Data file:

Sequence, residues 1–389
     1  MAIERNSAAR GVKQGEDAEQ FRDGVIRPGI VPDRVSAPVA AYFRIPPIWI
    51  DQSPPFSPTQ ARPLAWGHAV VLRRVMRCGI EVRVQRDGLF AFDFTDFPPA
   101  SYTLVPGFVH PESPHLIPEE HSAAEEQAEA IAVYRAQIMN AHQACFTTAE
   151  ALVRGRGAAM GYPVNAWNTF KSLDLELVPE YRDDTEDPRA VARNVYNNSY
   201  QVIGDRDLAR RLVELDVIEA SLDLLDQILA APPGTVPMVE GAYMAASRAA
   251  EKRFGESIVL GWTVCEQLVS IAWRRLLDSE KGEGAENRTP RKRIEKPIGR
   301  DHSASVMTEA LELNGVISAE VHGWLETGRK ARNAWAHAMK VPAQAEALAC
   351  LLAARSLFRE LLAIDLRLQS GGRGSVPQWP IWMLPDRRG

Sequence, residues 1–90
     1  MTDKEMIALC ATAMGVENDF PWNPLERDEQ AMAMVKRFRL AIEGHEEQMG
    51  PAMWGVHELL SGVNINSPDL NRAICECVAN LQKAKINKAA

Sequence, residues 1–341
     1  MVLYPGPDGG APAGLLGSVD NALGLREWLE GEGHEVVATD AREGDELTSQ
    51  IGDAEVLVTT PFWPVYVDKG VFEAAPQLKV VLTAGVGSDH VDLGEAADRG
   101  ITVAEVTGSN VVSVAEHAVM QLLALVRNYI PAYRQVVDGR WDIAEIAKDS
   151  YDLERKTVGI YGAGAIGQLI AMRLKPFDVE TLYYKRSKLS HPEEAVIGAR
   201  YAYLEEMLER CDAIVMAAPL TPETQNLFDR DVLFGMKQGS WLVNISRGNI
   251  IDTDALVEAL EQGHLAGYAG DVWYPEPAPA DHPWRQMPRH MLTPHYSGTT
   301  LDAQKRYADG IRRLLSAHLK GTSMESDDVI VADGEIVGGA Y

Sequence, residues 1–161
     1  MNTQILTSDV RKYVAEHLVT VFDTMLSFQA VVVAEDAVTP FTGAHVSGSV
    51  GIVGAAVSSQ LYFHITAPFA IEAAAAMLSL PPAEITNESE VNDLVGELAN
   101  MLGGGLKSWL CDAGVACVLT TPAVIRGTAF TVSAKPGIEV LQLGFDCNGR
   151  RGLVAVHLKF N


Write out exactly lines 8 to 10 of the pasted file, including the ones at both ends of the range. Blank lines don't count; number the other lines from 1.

   301  DHSASVMTEA LELNGVISAE VHGWLETGRK ARNAWAHAMK VPAQAEALAC
   351  LLAARSLFRE LLAIDLRLQS GGRGSVPQWP IWMLPDRRG

Sequence, residues 1–90